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The Letter of James: Chapter 4

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1Those conflicts and disputes among you, where do they come from? Do they not come from your cravings that are at war within you? 2You want something and do not have it; so you commit murder. And you covet a Or you murder and you covet something and cannot obtain it; so you engage in disputes and conflicts. You do not have, because you do not ask. 3You ask and do not receive, because you ask wrongly, in order to spend what you get on your pleasures. 4Adulterers! Do you not know that friendship with the world is enmity with God? Therefore whoever wishes to be a friend of the world becomes an enemy of God. 5Or do you suppose that it is for nothing that the scripture says, “God b Gk He yearns jealously for the spirit that he has made to dwell in us”? 6But he gives all the more grace; therefore it says,

“God opposes the proud, but gives grace to the humble.”

7Submit yourselves therefore to God. Resist the devil, and he will flee from you. 8Draw near to God, and he will draw near to you. Cleanse your hands, you sinners, and purify your hearts, you doubleminded. 9Lament and mourn and weep. Let your laughter be turned into mourning and your joy into dejection. 10Humble yourselves before the Lord, and he will exalt you.

11Do not speak evil against one another, brothers and sisters. c Gk brothers Whoever speaks evil against another or judges another, speaks evil against the law and judges the law; but if you judge the law, you are not a doer of the law but a judge. 12There is one lawgiver and judge who is able to save and to destroy. So who, then, are you to judge your neighbor?

13Come now, you who say, “Today or tomorrow we will go to such and such a town and spend a year there, doing business and making money.” 14Yet you do not even know what tomorrow will bring. What is your life? For you are a mist that appears for a little while and then vanishes. 15Instead you ought to say, “If the Lord wishes, we will live and do this or that.” 16As it is, you boast in your arrogance; all such boasting is evil. 17Anyone, then, who knows the right thing to do and fails to do it, commits sin.


a Or you murder and you covet

b Gk He

c Gk brothers

Text Commentary view alone
Commentary spanning earlier chapters

2.14–26 :The unity of faith and deeds.

14–17 :

The author again appeals to a flagrant example (see 2.2–4 ).

18 :

The use of an imaginary interlocutor was a popular debating technique, called diatribe. James gives his view of the relationship between faith and works, probably from Pauline slogans (Rom 3.28; Gal 2.16 ).

18–26 :

Faith demonstrated by acts: the examples of Abraham and Rahab.

19 :

God is one, Deut 6.4 . Even the demons believe, see Mk 1.24; 5.7 .

21 :

Our ancestor Abraham, a contrast to Paul's focus on Abraham's obedience and acceptance of God's promises (Rom 4.1–3; 9–13; Gal 3.6–9 ). James places the distinctive criterion for Abraham's righteousness on the willingness to sacrifice Isaac as a work (Gen 22.9–14; cf. Heb 11.17 ).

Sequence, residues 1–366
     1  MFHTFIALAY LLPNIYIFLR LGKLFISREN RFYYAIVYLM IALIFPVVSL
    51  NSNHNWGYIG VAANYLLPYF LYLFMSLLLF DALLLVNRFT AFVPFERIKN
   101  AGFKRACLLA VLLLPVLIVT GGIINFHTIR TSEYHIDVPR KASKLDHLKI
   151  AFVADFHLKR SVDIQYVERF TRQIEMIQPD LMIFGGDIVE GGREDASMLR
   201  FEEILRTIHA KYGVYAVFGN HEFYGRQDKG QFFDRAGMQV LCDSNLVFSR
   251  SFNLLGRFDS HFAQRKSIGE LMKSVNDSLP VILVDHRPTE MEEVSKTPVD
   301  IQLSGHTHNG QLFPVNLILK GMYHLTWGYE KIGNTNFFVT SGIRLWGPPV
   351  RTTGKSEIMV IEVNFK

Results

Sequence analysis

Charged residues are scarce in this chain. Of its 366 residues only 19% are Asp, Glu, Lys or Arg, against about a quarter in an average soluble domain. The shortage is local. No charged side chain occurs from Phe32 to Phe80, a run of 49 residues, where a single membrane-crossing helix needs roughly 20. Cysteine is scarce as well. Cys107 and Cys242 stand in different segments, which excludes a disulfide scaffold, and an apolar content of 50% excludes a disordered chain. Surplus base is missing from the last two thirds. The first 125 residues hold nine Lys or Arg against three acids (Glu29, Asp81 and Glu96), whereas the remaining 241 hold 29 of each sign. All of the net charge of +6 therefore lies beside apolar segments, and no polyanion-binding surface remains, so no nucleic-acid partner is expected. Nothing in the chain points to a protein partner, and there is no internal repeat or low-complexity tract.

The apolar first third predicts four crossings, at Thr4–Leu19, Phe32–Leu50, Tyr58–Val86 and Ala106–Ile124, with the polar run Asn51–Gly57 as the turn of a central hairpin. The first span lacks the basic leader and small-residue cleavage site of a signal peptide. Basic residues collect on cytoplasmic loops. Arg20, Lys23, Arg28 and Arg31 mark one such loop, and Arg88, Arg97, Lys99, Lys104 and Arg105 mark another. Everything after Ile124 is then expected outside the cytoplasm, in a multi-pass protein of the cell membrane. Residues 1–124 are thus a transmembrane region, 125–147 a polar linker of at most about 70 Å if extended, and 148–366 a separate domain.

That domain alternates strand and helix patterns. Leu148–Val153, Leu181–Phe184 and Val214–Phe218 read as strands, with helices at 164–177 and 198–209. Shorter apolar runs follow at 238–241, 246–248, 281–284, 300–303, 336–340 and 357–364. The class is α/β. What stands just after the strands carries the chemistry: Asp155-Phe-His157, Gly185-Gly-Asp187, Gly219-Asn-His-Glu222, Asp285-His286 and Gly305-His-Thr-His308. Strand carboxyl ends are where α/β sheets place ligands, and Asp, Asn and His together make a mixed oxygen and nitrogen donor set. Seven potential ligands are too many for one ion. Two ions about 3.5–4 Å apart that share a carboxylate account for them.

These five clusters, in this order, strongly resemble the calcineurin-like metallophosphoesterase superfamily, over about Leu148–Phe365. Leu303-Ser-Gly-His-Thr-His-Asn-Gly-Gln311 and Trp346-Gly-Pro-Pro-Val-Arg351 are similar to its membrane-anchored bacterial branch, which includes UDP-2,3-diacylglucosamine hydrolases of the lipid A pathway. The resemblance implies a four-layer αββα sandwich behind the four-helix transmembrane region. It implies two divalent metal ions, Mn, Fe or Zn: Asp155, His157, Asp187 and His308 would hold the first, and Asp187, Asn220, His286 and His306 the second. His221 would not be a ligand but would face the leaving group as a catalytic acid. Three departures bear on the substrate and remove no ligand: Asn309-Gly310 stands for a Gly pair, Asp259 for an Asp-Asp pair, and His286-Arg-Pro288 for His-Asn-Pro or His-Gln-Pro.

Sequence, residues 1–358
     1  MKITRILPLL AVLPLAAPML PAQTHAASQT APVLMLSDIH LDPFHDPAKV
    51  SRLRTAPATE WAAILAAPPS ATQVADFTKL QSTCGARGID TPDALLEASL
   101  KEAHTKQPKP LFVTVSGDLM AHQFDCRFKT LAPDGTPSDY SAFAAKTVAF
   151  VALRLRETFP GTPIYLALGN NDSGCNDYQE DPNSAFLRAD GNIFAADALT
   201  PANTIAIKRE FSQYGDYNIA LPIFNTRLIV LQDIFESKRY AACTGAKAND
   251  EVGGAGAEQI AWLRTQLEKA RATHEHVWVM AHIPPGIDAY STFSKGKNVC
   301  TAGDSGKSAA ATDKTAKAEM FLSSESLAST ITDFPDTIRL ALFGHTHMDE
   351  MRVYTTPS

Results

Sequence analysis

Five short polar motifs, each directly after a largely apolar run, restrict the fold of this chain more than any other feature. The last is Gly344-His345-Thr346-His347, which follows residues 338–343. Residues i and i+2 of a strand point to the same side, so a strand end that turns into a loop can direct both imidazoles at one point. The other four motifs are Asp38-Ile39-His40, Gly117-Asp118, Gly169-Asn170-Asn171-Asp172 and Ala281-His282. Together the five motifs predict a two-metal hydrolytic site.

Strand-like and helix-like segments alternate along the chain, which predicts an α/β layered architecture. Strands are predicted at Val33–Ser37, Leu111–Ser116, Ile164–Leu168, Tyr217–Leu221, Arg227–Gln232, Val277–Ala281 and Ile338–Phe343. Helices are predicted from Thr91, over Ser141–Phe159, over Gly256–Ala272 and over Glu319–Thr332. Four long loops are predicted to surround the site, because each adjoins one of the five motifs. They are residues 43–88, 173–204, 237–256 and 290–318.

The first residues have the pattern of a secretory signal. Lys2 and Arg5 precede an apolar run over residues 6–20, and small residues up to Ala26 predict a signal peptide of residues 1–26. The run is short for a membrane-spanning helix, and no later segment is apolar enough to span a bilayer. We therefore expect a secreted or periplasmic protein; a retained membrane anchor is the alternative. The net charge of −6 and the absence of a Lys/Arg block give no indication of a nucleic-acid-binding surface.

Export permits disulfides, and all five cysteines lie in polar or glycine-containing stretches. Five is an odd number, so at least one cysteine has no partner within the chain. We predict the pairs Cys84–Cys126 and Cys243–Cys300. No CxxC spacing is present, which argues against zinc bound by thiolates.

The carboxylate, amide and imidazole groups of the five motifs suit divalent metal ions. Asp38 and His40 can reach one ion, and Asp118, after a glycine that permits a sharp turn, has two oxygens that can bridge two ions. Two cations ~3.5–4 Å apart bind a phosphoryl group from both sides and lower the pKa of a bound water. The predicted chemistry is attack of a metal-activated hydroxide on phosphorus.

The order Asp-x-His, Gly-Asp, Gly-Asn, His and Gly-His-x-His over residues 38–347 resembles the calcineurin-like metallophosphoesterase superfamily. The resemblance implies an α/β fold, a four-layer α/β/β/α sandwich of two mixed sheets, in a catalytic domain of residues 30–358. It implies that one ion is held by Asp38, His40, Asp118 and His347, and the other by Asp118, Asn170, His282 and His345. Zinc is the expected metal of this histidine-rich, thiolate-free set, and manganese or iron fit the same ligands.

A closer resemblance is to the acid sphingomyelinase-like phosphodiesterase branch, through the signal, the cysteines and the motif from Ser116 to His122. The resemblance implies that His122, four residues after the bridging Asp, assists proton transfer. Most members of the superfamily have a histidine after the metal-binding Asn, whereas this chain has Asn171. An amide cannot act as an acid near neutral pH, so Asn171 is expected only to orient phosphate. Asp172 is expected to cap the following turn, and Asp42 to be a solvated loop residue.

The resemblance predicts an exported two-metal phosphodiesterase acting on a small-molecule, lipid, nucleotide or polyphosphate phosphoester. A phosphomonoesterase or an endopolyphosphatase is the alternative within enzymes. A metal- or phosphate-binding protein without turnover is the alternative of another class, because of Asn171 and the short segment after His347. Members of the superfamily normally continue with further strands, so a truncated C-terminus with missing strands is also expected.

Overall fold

23 :

Quoting Gen 15.6 . Friend of God, see Isa 41.8; 2 Chr 20.7 .

25 :

Rahab, the prostitute of Jericho (Josh 2.1–21 ), is also a heroine of the faith in Heb 11.31 .

4.1–6 :Faithlessness in the community.

These unadorned scoldings may be directed at recent converts who through disputes and conflicts have brought about a deplorable situation in the community.

2 :

The violent rhetoric suggests that extreme socioeconomic disparities have caused Christians to lay aside their religious values. Want … murder, the awkward logical sequence recalls the progression in 1.15 :“desire … sin … death.”

4 :

Adulterers, see Ex 20.3; Deut 5.7; 6.13 ; self‐indulgence and greed at one level, but also idolatry (Hos 3.1 ). Friendship with the world, see Lk 16.13 .

5 :

The source of the quotation is unknown. God's “jealousy” is a prominent theme in the Hebrew Bible (e.g., Ex 20.5; Deut 4.24; Zech 8.2 ). James contrasts the frightful community jealousies with God's jealous seeking of their souls' salvation.

6 :

Prov 3.34 (LXX); see also 1 Pet 5.5 .

4.7–10 :Corrective formulae: a call to repentance.

The formulaic framework for this call to repentance recalls the original conversion of members of the community and their baptismal catechism.

7 :

Submit … resist … is akin to 1.21 (“rid yourselves … welcome …”), but here reversed.

8 :

Double‐minded, see 1.8n.

10 :

Humble … exalt, the exaltation of the humble recalls 1.9–11; see Mt 23.12; Lk 14.18; 18.14; 1 Pet 5.6 .

4.11–12 :Warning against improper speech.

Continuing the theme of 1.26; 3.1–12 .

11 :

Judges another, see Mt 7.1–5; Lk 6.37–42; this also recalls Jas 2.2–4 . Doer of the law, cf. “doers of the word” ( 1.22 ); this close identification of the word with the law of the Hebrew Bible places James with Jesus as bridges between the Torah and later Christianity.

12 :

One … judge, cf. Rom 14.10 .

4.13–17 :Cautions to those who take God for granted.

The tone of this passage, like 5.1–6 , resembles a prophetic apostrophe; the concern about arrogant (boastful) merchants is placed within a lesson on the sovereignty of God (following up 4.12 ). It also recalls wisdom teaching on the uncertainty of life; see Prov 27.1 .

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